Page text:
In Judge Gordon Sullivan's alternate reality, Southland Tales wasn't recut.
Our review of Southland Tales, published March 18th, 2008, is also available.
This is the way the world ends.
Let's get the preliminaries out of the way: Southland Tales (Blu-ray) is the second feature from Richard Kelly, the director of the left-field hit Donnie Darko. It was booed at Cannes and subsequently recut before being dumped on the American market with little fanfare. It is both an incoherent mess of a film and a work of genius. It's the kind of film that will likely be talked about long after most films of the first decade of the twenty-first century have faded, and this Blu-ray disc is the way to see it.
Facts of the Case
An amnesiac actor (Dwayne Johnson, Walking Tall), a pop-star porn actress (Sarah Michelle Gellar, Buffy the Vampire Slayer), and a soldier (Justin Timberlake, Black Snake Moan) all collide in an alternate reality Los Angeles where the federal government has gone fascist, instituting draconian identification and communication laws.
I'm not usually one for these kinds of comparisons, but Southland Tales plays out like P.T. Anderson and David Lynch co-directing an adaptation of a graphic novel by a second-rate imitation of Warren Ellis (or Grant Morrison). This might strike most readers as odd, so let's stick with it a moment. I compare the film to P.T. Anderson for its scope (it's also no accident that, like Anderson's Magnolia, Southland Tales is set in L.A.). Like some of Anderson's work, Southland Tales is an epic that encompasses numerous speaking roles and takes on an outsized Los Angeles as its backdrop. It seems odd to think of David Lynch's peculiar style in connection with P.T. Anderson, but Kelly fuses Anderson's scope with Lynch's slightly off-kilter take on American culture. Also like much of Lynch's work, Southland Tales is a kind of puzzle. Unlike other "puzzle" films (Memento comes to mind), Southland Tales is fascinating whether you put all the pieces together or not (much like Mulholland Dr.). If all Kelly did was channel some disparate influences, then Southland Tales wouldn't be anything special. However, Kelly brings an ambition to his film that outstrips his influences as he presents a nightmare future that is all too real in a way that other directors would shy away from.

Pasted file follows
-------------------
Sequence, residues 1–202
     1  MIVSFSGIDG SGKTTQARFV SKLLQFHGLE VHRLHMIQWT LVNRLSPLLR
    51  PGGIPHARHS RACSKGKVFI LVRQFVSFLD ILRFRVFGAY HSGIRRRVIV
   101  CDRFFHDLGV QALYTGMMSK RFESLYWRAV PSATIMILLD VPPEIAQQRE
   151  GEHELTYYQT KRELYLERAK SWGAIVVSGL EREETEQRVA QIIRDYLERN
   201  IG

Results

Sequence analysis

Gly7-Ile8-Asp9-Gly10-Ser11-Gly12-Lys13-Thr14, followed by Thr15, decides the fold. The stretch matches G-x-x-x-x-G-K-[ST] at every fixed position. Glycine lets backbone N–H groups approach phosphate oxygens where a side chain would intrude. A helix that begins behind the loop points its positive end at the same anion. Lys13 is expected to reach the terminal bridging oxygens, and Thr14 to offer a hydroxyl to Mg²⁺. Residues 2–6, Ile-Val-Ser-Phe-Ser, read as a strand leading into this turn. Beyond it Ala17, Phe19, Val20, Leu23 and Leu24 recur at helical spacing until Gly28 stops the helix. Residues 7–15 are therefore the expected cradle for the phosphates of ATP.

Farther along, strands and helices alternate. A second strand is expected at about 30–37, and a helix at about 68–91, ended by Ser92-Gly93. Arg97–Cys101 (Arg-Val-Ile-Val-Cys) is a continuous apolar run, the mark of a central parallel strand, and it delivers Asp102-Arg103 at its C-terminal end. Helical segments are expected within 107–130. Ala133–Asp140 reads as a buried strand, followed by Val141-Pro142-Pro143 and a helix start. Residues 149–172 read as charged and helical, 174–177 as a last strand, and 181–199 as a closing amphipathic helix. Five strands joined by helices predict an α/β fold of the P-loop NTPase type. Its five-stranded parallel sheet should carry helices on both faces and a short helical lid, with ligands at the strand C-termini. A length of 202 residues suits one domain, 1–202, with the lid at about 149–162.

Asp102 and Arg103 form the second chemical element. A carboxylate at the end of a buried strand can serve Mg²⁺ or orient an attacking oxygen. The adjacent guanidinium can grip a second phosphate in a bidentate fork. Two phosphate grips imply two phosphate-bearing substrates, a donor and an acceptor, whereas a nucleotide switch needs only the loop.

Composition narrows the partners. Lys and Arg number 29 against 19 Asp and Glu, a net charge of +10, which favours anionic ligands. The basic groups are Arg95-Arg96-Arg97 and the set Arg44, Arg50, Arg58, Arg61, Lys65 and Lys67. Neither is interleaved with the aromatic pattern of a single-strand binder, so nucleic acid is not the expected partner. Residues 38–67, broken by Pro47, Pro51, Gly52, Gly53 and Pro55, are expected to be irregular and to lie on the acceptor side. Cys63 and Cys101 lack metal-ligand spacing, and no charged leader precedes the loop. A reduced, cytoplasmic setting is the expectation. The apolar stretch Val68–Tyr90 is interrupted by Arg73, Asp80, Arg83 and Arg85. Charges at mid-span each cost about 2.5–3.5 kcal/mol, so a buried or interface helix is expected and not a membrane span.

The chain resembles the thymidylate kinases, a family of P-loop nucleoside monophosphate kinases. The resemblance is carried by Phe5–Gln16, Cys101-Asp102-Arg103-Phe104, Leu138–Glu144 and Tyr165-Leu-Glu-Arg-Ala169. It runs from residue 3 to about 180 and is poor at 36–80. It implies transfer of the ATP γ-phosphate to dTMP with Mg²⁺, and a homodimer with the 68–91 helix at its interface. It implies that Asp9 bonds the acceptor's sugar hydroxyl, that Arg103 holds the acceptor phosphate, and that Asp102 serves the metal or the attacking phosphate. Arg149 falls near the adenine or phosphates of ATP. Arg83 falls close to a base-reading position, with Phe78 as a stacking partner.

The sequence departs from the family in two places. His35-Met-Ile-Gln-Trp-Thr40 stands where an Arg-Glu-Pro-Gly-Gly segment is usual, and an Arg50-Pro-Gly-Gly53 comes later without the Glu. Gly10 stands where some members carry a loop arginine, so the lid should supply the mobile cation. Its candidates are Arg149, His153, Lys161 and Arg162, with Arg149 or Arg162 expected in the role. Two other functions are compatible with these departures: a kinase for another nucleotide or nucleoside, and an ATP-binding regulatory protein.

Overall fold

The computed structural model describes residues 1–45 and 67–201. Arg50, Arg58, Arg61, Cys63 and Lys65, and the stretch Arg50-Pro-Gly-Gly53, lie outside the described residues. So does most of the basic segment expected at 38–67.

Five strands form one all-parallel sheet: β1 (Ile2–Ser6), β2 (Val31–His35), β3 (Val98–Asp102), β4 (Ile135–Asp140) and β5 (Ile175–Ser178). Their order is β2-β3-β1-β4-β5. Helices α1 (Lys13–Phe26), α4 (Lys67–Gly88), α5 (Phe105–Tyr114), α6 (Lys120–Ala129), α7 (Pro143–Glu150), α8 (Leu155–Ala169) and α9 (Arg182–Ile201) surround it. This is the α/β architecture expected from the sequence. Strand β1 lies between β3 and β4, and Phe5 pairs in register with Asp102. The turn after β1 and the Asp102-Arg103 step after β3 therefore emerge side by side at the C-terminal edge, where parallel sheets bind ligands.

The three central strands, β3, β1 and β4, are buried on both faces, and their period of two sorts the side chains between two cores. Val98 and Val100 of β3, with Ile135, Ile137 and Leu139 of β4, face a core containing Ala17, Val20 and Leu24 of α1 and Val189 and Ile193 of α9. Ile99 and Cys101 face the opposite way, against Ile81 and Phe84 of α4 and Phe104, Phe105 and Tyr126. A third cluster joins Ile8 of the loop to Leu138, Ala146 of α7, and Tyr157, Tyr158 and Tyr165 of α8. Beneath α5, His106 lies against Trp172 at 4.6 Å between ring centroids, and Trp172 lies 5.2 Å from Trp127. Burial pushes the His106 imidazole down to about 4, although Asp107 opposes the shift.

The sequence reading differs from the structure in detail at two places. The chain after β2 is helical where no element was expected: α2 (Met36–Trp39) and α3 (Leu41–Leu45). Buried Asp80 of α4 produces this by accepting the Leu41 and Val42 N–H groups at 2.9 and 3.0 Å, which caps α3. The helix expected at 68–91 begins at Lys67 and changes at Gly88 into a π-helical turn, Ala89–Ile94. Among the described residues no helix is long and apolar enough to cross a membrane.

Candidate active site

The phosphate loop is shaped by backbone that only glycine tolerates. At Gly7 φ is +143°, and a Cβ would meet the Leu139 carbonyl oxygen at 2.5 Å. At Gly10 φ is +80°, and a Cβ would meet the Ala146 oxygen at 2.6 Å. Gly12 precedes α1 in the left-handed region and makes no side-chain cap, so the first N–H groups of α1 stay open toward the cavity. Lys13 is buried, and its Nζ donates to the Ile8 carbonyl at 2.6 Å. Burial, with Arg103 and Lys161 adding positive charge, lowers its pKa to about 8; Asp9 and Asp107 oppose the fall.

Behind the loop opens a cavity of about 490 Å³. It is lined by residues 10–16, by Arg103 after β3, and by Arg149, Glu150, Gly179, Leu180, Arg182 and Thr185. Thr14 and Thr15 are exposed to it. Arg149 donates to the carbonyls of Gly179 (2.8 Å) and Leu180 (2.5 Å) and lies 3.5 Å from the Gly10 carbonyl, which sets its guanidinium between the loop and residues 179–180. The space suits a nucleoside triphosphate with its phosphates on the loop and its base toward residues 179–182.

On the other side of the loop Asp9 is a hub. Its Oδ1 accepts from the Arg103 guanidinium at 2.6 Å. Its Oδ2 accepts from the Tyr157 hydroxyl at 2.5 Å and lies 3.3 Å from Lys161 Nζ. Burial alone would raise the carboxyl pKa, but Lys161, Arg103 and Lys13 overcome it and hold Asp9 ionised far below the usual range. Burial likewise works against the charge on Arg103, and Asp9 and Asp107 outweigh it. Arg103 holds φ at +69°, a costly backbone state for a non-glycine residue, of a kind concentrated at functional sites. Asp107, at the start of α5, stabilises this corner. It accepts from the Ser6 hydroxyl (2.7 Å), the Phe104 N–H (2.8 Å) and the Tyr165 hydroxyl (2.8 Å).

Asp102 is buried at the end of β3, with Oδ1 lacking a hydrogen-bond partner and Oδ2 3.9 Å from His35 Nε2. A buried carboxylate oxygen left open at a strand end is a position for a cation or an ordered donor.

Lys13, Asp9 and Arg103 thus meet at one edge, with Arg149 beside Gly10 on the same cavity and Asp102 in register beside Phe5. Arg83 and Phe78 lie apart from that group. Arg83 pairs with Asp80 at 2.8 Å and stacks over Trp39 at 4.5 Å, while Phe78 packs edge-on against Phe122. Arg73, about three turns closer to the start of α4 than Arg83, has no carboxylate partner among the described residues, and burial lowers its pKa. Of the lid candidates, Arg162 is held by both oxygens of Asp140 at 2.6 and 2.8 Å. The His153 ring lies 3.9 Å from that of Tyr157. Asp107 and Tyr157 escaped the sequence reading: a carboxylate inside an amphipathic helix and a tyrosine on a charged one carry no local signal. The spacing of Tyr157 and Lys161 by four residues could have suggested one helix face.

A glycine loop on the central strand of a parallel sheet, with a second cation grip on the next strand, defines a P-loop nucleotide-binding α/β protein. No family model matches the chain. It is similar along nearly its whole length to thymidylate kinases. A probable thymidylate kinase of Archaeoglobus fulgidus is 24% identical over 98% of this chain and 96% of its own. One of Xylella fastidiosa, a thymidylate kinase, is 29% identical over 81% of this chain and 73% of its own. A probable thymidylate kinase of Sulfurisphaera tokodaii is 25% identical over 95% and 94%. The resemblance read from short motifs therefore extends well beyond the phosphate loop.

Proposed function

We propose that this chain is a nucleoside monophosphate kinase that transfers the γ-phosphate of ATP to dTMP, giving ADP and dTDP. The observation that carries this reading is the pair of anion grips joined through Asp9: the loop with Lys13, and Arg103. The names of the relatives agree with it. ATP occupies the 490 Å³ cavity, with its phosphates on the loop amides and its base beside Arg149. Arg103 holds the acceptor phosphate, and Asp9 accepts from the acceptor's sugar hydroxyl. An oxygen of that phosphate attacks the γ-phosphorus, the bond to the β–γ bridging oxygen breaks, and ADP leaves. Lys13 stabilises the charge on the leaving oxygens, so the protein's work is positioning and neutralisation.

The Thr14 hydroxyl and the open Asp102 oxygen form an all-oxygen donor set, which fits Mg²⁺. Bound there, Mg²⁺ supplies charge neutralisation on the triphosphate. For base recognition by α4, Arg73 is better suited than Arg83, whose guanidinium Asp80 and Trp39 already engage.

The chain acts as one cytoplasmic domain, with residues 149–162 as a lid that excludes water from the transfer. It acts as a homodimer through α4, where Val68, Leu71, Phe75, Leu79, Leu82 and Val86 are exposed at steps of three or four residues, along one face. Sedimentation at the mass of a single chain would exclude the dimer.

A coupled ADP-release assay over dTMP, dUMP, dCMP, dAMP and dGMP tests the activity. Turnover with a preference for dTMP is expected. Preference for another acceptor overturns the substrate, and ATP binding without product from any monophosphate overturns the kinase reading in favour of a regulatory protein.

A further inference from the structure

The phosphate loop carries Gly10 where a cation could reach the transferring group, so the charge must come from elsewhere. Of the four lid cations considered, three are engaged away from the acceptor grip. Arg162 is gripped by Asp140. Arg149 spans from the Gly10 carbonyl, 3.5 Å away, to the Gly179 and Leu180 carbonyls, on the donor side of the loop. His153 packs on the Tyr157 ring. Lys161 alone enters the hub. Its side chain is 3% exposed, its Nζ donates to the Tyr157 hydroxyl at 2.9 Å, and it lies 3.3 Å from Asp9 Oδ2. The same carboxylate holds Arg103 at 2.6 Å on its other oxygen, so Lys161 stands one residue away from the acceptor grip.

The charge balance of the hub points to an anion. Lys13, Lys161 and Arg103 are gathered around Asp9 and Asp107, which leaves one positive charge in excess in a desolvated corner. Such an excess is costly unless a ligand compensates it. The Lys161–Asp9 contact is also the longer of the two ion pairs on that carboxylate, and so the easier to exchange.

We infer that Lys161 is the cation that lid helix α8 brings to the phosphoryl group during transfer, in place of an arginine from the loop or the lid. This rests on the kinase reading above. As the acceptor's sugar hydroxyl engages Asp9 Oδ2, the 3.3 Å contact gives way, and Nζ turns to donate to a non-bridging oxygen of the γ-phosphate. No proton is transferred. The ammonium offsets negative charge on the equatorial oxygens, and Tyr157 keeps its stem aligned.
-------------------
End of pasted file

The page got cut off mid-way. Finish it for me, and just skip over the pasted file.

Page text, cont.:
Because of Southland Tales, I can only conclude that Richard Kelly is a very nice guy. I know this because the budget for Southland Tales was less than $20 million and it's a two-and-a-half-hour long movie. Despite these handicaps, Kelly has assembled an amazing cast filled with familiar faces who might not have marquee value, but bring solid chops to smaller roles. Besides the stars (Gellar, Johnson, Scott—all of them fine actors in the film), expect to see such underappreciated actors as John Larroquette, Curtis Armstrong, Christopher Lambert, Nora Dunn, and even Kevin Smith. Those names are just the tip of the iceberg. Just about every role in the film is filled by someone recognizable, and they all do an admirable job making Kelly's larger-than-life characters come to the screen.